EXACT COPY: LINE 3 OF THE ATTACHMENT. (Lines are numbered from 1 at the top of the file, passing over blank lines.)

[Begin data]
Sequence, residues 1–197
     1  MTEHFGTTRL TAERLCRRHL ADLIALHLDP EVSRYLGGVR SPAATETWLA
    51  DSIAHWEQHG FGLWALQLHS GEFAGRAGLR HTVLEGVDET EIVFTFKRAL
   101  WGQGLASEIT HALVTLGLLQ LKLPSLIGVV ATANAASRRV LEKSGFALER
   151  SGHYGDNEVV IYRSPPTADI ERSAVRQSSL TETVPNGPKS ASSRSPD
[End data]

    51  DSIAHWEQHG FGLWALQLHS GEFAGRAGLR HTVLEGVDET EIVFTFKRAL